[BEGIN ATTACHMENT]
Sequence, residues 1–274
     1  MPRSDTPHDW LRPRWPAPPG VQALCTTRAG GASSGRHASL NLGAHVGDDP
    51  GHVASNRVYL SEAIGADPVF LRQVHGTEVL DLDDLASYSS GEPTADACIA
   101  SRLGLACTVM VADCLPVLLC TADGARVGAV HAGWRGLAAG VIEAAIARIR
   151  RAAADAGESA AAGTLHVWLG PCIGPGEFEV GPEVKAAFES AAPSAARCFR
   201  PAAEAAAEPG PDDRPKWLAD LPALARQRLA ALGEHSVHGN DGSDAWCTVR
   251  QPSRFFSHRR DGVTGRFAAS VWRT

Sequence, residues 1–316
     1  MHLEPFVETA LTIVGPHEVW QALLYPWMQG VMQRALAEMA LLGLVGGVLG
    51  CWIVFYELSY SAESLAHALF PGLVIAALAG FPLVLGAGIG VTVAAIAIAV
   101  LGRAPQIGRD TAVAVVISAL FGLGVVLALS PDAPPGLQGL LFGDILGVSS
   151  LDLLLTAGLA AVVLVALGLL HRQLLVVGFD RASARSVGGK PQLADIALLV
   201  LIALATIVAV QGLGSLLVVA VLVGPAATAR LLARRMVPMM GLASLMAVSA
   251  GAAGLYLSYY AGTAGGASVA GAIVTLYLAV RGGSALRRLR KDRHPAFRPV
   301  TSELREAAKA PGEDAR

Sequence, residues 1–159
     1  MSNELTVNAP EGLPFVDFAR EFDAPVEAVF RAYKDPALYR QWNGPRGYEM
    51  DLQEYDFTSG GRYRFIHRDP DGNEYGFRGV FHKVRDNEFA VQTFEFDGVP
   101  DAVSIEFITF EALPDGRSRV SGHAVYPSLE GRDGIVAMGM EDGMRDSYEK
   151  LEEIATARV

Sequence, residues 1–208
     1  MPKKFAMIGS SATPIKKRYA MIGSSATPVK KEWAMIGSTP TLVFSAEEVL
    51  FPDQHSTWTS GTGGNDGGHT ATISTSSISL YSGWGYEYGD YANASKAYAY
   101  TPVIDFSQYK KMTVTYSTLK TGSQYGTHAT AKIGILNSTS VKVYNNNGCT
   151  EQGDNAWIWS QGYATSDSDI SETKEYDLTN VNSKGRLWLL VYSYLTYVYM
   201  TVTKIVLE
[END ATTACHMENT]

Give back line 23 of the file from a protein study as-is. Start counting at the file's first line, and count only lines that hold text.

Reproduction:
    51  FPDQHSTWTS GTGGNDGGHT ATISTSSISL YSGWGYEYGD YANASKAYAY